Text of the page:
However, by the spring of 1954, it was apparent that the solution was inadequate, with the school unable to provide a secondary education to its enrolees. The President of the High Authority of the ECSC, Jean Monnet, invited representatives of the education ministers of the six founding member states of the ECSC to Luxembourg for discussions on a school with intergovernmental status. The member state representatives transformed themselves into a Board of Governors, who would oversee the establishment of such a school. It was agreed that teaching staff would be seconded from the member states, who would continue to pay their salary, and that salaries would be harmonised by means of an additional supplement. On 12 October 1954, the first two years of the secondary school began to operate.

On 12 April 1957, the governments of the six ECSC member states signed the Statute of the European School, which took the form of an international treaty. Following ratification, the agreement entered into force on 22 February 1960.[6] Under Article 6 of the Statute, the European School was to have the status of a public institution in the law of each of the contracting parties and was to have legal personality to the extent requisite for the attainment of its objectives. The organs of the school were to be a Board of Governors, which would have executive authority over the School, a Boards of Inspectors, an Administrative Board and a Head teacher. Article 8 provided that the Board of Governors of the European School was to consist of the "Minister or Ministers of each contracting party whose responsibilities include national education and/or external cultural relations", with the Board able to confer a position to a representative of the High Authority of the European Coal and Steel Community, as per Article 27.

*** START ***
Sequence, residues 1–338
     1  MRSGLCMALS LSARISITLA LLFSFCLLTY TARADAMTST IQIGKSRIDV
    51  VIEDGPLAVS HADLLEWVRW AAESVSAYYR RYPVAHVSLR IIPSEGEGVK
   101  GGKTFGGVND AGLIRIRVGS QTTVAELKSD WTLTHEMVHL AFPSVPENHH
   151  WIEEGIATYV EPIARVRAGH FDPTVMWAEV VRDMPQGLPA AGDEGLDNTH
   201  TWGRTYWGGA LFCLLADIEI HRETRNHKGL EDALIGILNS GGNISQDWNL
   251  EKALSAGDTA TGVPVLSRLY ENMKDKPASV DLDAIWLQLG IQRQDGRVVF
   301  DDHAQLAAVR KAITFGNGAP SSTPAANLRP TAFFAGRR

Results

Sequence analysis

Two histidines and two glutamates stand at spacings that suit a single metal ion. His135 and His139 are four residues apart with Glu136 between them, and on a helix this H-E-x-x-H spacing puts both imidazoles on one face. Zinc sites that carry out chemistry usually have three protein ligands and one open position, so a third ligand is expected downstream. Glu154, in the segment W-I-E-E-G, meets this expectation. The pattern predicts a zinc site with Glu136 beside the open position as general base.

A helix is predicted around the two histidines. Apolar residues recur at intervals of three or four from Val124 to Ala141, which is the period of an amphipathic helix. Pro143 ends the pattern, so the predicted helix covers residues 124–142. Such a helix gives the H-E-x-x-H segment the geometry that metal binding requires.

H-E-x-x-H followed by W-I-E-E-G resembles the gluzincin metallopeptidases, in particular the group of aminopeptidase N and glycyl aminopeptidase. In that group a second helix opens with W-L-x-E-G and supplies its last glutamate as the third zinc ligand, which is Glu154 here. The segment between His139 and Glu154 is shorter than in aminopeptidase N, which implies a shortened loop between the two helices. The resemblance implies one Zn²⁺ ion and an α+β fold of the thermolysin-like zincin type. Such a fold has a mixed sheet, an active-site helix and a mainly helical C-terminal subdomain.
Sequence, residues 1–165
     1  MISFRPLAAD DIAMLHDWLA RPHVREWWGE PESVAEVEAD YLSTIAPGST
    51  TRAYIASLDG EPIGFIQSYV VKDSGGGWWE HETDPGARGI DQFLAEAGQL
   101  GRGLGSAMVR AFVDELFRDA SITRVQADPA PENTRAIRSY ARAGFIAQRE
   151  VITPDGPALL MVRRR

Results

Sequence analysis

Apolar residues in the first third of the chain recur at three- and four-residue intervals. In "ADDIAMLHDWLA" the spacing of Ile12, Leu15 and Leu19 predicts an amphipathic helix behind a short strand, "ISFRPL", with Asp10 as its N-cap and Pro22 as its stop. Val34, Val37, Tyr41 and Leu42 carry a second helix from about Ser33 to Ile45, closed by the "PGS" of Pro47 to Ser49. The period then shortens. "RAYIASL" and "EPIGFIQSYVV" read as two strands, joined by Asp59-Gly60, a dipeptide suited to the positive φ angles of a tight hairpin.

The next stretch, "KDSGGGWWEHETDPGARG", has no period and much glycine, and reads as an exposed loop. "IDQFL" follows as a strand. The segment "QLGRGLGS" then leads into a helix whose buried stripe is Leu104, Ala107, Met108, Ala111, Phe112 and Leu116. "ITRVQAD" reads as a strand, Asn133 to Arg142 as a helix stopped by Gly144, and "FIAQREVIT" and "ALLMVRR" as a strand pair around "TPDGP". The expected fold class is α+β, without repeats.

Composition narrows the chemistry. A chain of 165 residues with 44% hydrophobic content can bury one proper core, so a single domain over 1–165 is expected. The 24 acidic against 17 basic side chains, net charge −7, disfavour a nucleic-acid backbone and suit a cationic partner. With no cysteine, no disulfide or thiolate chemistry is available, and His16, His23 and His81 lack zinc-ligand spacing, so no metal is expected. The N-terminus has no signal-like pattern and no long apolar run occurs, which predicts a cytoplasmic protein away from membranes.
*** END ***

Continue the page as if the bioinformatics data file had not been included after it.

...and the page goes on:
The spread of the European SchoolsEdit

Following the foundation of the European Economic Community (EEC) and the European Atomic Energy Community (Euratom) in 1957 and the establishment of the school in Luxembourg, other European Schools were set up in Brussels and then in Mol, Belgium in 1958, in Varese, Italy in 1960, Karlsruhe, Germany in 1962, in Bergen, the Netherlands in 1963, and a second school in Brussels in 1974. In order to facilitate the setting-up of those new schools and to provide them with a legal basis, the governments of the member states signed on 13 April 1962 in Luxembourg a Protocol on the setting-up of European Schools with reference to the 1957 Statute of the European School.

In 1967, the institutions of the EEC, ECSC and Euratom were merged to form the European Communities. Consequently, the three organisations were represented on the Board of Governors by the European Commission of the European Communities, the successor institution to the High Authority of the ECSC. Taking advantage of the powers conferred to it by the 1957 Statute, the Board of Governors signed an agreement with the European Patent Organisation - a separate intergovernmental organisation - in December 1975 allowing for the creation, in 1977, of a European School in Munich, Germany for the education and instruction together of children of its staff. In 1973, the first enlargement of the European Communities saw the United Kingdom, Denmark and Ireland join, who all likewise acceded to the 1957 Statute.[6] In 1978, a European School was established at Culham, UK in order to serve the children of the staff posted to the Joint European Torus Joint Undertaking (JET), supervised by Euratom, for the development of a common nuclear fusion programme. By 1986, following the enlargement of the European Communities to include Greece, Spain and Portugal and their ratification of the Statute,[6] the Schools were obliged to provide an education to the students of officials originating from the 12 EC member states. Finland acceded to the Statute in 1995 after its accession to the European Union.[6]

Coping with EU enlargementEdit